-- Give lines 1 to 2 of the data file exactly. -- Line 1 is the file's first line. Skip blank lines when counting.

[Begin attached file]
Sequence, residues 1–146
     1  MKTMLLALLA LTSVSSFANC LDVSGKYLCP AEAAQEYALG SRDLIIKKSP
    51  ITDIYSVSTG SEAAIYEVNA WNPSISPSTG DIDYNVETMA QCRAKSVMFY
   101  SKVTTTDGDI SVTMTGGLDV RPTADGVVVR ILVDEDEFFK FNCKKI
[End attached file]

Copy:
Sequence, residues 1–146
     1  MKTMLLALLA LTSVSSFANC LDVSGKYLCP AEAAQEYALG SRDLIIKKSP